Policy Memos | Аналитические записки

Policy Memo # 78
Dmitry Gorenburg 01 Sep 2009
Last August, the Russian army undertook its first offensive action on foreign soil since the end of the Afghanistan war in 1989. After the initial outburst of patriotic fervor faded, the Russian military did not have long to bask in the glory of its first definitive military victory in many years. In early October, the civilian leadership of the Ministry of Defense announced a radical restructuring of the armed forces, one that, if enacted in full measure...
Policy Memo # 77
Oxana Shevel 01 Sep 2009
When Russian forces went into South Ossetia last year, Russia cited the protection of its citizens as one justification for its actions. That more than half of South Ossetia's 70,000 residents have taken Russian citizenship is often mentioned. Less well known is the fact that South Ossetians (as well as residents of other breakaway regions who have obtained Russian citizenship) have usually been granted passports only for foreign travel, not internal...
Policy Memo # 76
Eric McGlinchey 01 Sep 2009
This memo explores political Islam in Central Asia from three perspectives: that of (1) U.S. government analysts; (2) Central Asian government leaders; and (3) everyday Central Asian Muslims. Drawing on public statements and field research, I demonstrate that these three perceptions of political Islam in Central Asia differ markedly. U.S. government analysts consistently identify two groups, the Islamic Movement of Uzbekistan (IMU) and Hizb ut-Tahrir (HT...
Policy Memo # 75
Andrey Makarychev 01 Sep 2009
The alleged success of former president (and current prime minister) Vladimir Putin in recentralizing the Russian Federation requires critical appraisal. A number of limitations to the reunification project, as Putin initially conceived it almost a decade ago, are emerging. A growing number of Russian and international scholars assert that center–regional relations did not change all that much during Putin’s presidency and that the mono-polar...
Policy Memo # 74
Mikhail Alexseev 01 Sep 2009
The Hajj, a pilgrimage to the holy sites of Islam in Mecca and Medina, is an increasingly common practice among Russia's Muslims. According to various estimates since 2007, at least 200,000 Russian Muslims have officially performed the Hajj since the collapse of the Soviet Union under an annual quota set by Saudi Arabia and allotted within Russia. Most of these pilgrims come from the Muslim regions of the North Caucasus. Despite frequent media...
Policy Memo # 73
Elizabeth Wishnick 01 Sep 2009
In the past year, China’s Central Asia policy has weathered several external and internal shocks, which have proven to be interconnected in unexpected ways. Although some differences emerged between China and Central Asian states over Russia’s support for the independence of South Ossetia and Abkhazia, the financial crisis provided an opportunity for China to deepen its economic engagement in the region, particularly in the energy sector....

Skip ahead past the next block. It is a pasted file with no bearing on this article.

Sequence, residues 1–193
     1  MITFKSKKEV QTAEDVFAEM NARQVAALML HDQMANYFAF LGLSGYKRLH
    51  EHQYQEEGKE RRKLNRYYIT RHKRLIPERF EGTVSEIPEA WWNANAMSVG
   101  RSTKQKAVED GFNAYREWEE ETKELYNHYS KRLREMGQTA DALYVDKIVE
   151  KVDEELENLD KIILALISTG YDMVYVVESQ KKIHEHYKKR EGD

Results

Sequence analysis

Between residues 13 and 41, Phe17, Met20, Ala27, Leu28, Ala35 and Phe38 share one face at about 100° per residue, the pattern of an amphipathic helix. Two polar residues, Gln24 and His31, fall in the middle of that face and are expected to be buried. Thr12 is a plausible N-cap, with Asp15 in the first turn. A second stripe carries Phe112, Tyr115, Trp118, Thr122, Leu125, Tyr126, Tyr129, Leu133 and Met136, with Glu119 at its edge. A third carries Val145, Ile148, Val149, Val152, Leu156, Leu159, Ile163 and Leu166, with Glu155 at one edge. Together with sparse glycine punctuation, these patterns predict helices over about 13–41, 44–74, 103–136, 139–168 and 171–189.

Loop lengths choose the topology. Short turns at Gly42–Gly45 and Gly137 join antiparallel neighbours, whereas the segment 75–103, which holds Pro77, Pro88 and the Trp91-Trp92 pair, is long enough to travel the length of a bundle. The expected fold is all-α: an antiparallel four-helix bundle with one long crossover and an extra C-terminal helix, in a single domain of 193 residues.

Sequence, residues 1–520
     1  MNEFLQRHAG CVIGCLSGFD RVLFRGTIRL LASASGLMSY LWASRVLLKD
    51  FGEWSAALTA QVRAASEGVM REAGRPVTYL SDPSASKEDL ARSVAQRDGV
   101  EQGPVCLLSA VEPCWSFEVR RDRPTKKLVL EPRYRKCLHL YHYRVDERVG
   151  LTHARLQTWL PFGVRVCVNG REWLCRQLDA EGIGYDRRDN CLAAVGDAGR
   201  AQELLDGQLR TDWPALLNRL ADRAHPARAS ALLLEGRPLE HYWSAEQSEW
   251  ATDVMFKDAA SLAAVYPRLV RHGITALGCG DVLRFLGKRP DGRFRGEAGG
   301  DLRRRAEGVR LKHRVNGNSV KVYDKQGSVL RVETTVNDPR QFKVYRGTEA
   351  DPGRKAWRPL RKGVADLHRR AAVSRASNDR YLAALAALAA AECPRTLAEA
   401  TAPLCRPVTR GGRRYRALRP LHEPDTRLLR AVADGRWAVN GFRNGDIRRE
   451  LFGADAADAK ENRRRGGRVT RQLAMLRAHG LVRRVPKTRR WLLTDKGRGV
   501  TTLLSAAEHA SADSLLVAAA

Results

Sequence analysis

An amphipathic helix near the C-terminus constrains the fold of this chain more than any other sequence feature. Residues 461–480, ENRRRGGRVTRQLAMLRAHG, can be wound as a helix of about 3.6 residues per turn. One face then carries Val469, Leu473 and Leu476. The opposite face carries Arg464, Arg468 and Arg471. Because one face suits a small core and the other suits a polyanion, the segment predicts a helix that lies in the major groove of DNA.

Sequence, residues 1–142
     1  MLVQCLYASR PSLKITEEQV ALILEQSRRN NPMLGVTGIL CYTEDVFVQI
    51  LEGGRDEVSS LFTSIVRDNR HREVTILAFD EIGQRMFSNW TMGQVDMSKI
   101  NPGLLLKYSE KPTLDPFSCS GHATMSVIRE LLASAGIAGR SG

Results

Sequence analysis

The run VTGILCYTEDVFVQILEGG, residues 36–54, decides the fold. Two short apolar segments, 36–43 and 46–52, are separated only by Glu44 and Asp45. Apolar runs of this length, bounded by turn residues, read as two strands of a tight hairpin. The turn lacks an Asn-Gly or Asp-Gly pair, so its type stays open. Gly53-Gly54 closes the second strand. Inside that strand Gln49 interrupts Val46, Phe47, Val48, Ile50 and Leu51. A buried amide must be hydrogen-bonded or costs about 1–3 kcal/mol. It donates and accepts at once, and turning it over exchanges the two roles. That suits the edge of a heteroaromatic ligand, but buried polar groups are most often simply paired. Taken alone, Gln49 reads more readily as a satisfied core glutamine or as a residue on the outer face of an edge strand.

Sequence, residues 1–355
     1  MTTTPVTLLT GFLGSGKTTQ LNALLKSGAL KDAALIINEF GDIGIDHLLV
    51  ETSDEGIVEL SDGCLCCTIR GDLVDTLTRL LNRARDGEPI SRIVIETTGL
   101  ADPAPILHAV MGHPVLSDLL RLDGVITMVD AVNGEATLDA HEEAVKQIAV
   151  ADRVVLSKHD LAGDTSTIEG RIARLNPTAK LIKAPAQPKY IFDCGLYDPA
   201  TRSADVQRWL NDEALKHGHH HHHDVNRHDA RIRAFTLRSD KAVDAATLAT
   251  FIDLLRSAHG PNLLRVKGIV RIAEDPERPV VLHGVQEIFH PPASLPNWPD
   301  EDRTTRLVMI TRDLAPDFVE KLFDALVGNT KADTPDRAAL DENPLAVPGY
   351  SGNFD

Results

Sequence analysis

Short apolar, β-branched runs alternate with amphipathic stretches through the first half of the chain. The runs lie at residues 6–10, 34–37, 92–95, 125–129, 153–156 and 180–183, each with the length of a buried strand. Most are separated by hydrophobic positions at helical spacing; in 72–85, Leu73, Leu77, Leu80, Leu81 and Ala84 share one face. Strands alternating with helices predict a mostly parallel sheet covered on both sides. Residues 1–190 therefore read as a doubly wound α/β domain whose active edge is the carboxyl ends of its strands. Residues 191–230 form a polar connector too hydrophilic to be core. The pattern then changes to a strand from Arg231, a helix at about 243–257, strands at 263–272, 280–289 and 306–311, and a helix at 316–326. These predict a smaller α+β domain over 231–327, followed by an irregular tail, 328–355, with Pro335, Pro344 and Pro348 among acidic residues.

Policy Memo # 72
Shairbek Juraev 01 Sep 2009
Kyrgyzstan’s February 2009 decision to close the U.S. military base at the country’s Manas airfield caught many by surprise. The decision was not preceded by domestic debate about a possible closure, nor had such an issue been raised bilaterally in formal Kyrgyz-U.S. discussions. Moreover, the 2006 renegotiation of the original 2002 agreement had seemed to put an end to any new challenges to the U.S.-leased base. [...] More (PDF)
Policy Memo # 71
Serghei Golunov 01 Sep 2009
Making up nearly 90 percent of the total area of the Commonwealth of Independent States (CIS), Russia and Kazakhstan are also two of the ten largest states in the world. Both have huge oil and gas reserves, considerable industrial and agricultural potential, and developed transportation infrastructures. Their more than 7,500-kilometer common border is the world’s longest unbroken international frontier. While Russia and Kazahkstan are among the main...
Policy Memo # 70
Vitali Silitski 01 Sep 2009
The European Union’s Eastern Partnership (EaP) initiative, generally welcomed on both sides of the Atlantic as a positive step toward drawing the countries of Eastern Europe and the Caucasus into the Western orbit, has also received its share of bad press. According to critics, the EU has failed to give these countries a clear European perspective, instead engaging them in a modified version of Cold War-era Ostpolitik. I argue, however, that the EaP...
Tags:EU, Silitski
Policy Memo # 69
Arkady Moshes 01 Sep 2009
In June 2009, a crisis developed in Russian-Belarusian relations, triggered by the Belarusian leadership’s refusal to accept payment in rubles of a promised $500 million Russian credit. It was exacerbated by harsh exchanges between Belarusian president Aleksandr Lukashenko and Russian finance minister Aleksei Kudrin. Within weeks, Russia introduced a milk and dairy embargo against Belarus, while Gazprom requested the payment of a $230 million gas...

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